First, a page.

Preparata code[1] 


A nonlinear binary \((2^{m+1}-1, 2^{m+1}-2m-2, 5)\) code where \(m\) is odd. The size of this code is twice the size of the largest possible linear code with the same length and distance.

Codewords of extended Preparata codes can be thought of as characteristic functions of the tuple \((X,Y)\), where \(X, Y\) belong to \(GF(2)^m\), along with the following properties: (i) \(|X| = |Y| = 2^{m}\), (ii) \(\sum_{x \in X} x = \sum_{y \in Y} y \), and (iii) \(\sum_{x \in X} x^{3} + (\sum_{x \in X} x)^{3} = \sum_{y \in Y} y^{3} \). Preparata codes are obtained by leaving out the coordinate in the zeroth positions in the first half.

The automorphism group of these codes is determined in Refs. [24].


The rate is \(\frac{2^{m+1}-2m-2}{2^{m+1}-1}\).


Preparata Codes can be decoded using a syndrome calculation based algorithm to correct all error patterns of Lee weight atmost 2 and detect all/ some error patterns of Lee weight 3/ 4 [5,6].


See corresponding MinT database entry [7].


  • Hergert code — Preparata codes are equivalent to Hergert codes for \(r=2\) [8; Thm. 2].
  • Nearly perfect code — Preparata codes are uniformly packed and nearly perfect [9]. For any word \(u\) and Preparata codebook \(C\) with \(d(u, C) > 2\), we have that \(u\) has a distance 2 or 3 to exactly \(\left\lfloor (2^{m+1}-1)/3\right\rfloor\) codewords.
  • Small-distance block code



  • Quasi-perfect code — Punctured Preparata codes are quasi-perfect [10; pg. 475].
  • Reed-Muller (RM) code — A Preparata code can be written as a union of a linear subcode \(\mathcal{C}\) of RM\((m-2,m)\) and the \(2^{m-1}-1\) representatives of coset formed by \(\mathcal{C}\) in RM\((m-2,m)\). The coset representatives are given by \(|1|x^j|0|x^{j}\theta_{1}|\), where \(1\leq j \leq 2^{m-1}-1\). \(\mathcal{C}\) comprises of codewords of the form \(|g(1)|g(x)(1+\theta_{1})|f(1)+g(1)|g(x)(1+\theta_{1})+f(x)(1+\theta_{1}+\theta_{3})|\), where \(f(x)\) and \(g(x)\) are arbitrary, and where \(\theta_{1}\) and \(\theta_{3}\) denote the primitive idempotents corresponding to cyclotomic cosets \(C_1\) and \(C_3\) respectively.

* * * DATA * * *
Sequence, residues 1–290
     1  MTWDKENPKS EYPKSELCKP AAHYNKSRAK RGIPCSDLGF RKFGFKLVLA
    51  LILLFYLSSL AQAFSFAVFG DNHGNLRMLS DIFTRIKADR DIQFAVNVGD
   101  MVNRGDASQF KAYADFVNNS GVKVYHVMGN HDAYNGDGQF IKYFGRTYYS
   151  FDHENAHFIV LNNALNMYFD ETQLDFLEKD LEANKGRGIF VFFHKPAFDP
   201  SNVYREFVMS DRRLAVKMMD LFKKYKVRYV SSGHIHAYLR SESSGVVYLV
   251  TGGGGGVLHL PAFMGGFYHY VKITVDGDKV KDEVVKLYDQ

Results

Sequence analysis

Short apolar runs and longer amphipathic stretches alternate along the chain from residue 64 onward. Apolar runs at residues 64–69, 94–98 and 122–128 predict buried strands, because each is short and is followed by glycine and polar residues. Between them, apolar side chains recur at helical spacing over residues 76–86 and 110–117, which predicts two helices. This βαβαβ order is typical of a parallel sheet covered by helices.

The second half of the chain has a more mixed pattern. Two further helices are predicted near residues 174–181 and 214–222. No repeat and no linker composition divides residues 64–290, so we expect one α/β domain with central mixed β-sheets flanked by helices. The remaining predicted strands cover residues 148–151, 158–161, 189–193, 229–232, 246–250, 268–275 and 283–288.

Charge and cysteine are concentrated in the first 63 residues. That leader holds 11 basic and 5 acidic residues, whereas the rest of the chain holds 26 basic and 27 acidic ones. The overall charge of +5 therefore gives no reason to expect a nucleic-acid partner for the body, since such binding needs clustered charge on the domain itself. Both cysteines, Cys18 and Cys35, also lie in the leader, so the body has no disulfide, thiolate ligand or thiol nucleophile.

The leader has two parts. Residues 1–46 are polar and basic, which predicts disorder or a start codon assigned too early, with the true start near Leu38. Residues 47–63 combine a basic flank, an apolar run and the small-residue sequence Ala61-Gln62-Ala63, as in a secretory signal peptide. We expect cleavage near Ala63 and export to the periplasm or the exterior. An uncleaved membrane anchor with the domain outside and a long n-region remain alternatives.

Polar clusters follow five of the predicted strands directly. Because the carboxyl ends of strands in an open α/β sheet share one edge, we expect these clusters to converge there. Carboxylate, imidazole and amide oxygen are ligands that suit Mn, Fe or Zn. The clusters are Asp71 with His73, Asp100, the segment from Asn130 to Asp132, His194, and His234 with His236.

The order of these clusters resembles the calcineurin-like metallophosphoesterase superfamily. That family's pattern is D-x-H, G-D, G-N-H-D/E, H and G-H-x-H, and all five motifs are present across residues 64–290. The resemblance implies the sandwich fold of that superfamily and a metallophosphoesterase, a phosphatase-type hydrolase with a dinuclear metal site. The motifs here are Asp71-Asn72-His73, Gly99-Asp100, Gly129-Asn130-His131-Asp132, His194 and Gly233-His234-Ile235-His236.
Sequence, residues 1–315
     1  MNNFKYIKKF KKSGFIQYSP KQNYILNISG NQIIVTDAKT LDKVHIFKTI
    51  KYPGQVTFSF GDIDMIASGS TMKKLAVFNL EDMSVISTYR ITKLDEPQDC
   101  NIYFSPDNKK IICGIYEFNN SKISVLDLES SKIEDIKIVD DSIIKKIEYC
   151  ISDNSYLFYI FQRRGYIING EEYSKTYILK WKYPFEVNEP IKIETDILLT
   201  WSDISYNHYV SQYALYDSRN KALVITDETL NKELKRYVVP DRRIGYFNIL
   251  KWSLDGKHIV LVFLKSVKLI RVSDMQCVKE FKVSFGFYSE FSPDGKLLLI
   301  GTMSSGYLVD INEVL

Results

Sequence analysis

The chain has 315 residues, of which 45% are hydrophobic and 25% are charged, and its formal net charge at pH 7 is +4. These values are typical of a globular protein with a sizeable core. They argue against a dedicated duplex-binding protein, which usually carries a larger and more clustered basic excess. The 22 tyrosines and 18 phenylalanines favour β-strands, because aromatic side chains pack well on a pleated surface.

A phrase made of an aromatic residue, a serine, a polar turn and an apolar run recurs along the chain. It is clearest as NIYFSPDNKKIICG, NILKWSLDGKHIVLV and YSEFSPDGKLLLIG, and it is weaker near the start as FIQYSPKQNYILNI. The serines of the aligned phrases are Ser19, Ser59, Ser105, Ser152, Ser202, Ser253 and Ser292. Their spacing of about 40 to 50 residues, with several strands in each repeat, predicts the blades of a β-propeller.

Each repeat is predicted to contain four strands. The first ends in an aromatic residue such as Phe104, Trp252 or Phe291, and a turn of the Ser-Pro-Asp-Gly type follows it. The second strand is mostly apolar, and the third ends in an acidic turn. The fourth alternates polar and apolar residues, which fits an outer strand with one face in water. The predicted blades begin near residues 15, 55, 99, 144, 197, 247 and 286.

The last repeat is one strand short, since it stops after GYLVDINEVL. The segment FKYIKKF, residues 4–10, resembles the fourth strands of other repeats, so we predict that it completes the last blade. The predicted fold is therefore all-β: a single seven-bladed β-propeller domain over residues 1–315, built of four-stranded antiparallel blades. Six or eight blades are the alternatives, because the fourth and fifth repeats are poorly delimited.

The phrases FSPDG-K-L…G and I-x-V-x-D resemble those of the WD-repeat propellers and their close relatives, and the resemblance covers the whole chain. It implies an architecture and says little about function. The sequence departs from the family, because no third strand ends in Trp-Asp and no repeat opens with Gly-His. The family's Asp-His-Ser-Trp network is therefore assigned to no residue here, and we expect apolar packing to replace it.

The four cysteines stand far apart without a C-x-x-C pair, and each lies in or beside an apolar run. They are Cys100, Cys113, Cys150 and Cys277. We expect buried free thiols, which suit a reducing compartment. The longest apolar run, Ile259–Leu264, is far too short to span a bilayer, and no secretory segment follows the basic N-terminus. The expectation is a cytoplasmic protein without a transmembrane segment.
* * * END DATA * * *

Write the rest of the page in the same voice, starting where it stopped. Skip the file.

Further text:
• Binary BCH code — Preparata codes contain twice as many code words as the double-error-correcting BCH codes of the same length, which is the largest number of code words possible for given length and distance [1].
  • \([2^r-1,2^r-r-1,3]\) Hamming code — Preparata codes can be obtained by Hensel-lifting Hamming codes to \(\mathbb{Z}_4\) [5]. The union of the dual a Preparata code and some of its translates forms a Hamming code [10; pg. 475].
  • Combinatorial design — Preparata codewords of each weight form a 3-design [10; pg. 471].
  • Kerdock code — Preparata codes are duals of Kerdock codes in that their distance distribution is equal to the MacWilliams transform of the distance distribution of Kerdock codes [4]. However, the two codes are images of a pair of mutually dual linear codes over \(\mathbb{Z}_4\) under the Gray map [11][12; Sec. 6.3].
  • \(((2^m,2^{2^m−5m+1},8))\) Goethals-Preparata code — The \(((2^m,2^{2^m−5m+1},8))\) Goethals-Preparata code is constructed using the classical Goethals and Preparata codes [13,14]. A construction using the \(\mathbb{Z}_4\) versions of the Goethals and Preparata codes and the Gray map yields qubit code families with similar parameters [15].


F. P. Preparata, “A class of optimum nonlinear double-error-correcting codes”, Information and Control 13, 378 (1968) DOI
W. M. Kantor, “Spreads, Translation Planes and Kerdock Sets. I”, SIAM Journal on Algebraic Discrete Methods 3, 151 (1982) DOI
W. M. Kantor, “Spreads, Translation Planes and Kerdock Sets. II”, SIAM Journal on Algebraic Discrete Methods 3, 308 (1982) DOI
W. Kantor, “On the inequivalence of generalized Preparata codes”, IEEE Transactions on Information Theory 29, 345 (1983) DOI
A. R. Hammons et al., “The Z/sub 4/-linearity of Kerdock, Preparata, Goethals, and related codes”, IEEE Transactions on Information Theory 40, 301 (1994) DOI
A. R. Hammons Jr. et al., “The Z_4-Linearity of Kerdock, Preparata, Goethals and Related Codes”, (2002) arXiv:math/0207208
Rudolf Schürer and Wolfgang Ch. Schmid. “Preparata Codes.” From MinT—the database of optimal net, code, OA, and OOA parameters. Version: 2015-09-03.
P. Delsarte and J. M. Goethals, “Alternating bilinear forms over GF(q)”, Journal of Combinatorial Theory, Series A 19, 26 (1975) DOI
J. M. Goethals and S. L. Snover, “Nearly perfect binary codes”, Discrete Mathematics 3, 65 (1972) DOI
F. J. MacWilliams and N. J. A. Sloane. The theory of error correcting codes. Elsevier, 1977.
A. R. Calderbank et al., “A linear construction for certain Kerdock and Preparata codes”, (1993) arXiv:math/9310227
W. C. Huffman, J.-L. Kim, and P. Solé, Concise Encyclopedia of Coding Theory (Chapman and Hall/CRC, 2021) DOI
M. Grassl and M. Rotteler, “Non-additive quantum codes from Goethals and Preparata codes”, 2008 IEEE Information Theory Workshop (2008) arXiv:0801.2144 DOI
M. Grassl and M. Rotteler, “Quantum Goethals-Preparata codes”, 2008 IEEE International Symposium on Information Theory (2008) arXiv:0801.2150 DOI
S. Ling and P. Sole. 2008. Nonadditive quantum codes from Z4-codes.
Page edit log

Your contribution is welcome!

on (edit & pull request)— see instructions

edit on this site

Zoo Code ID: preparata

Cite as:
“Preparata code”, The Error Correction Zoo (V. V. Albert & P. Faist, eds.), 2023.
@incollection{eczoo_preparata, title={Preparata code}, booktitle={The Error Correction Zoo}, year={2023}, editor={Albert, Victor V. and Faist, Philippe}, url={} }
Share via:
Twitter | Mastodon |  | E-mail
Permanent link:

Cite as:

“Preparata code”, The Error Correction Zoo (V. V. Albert & P. Faist, eds.), 2023.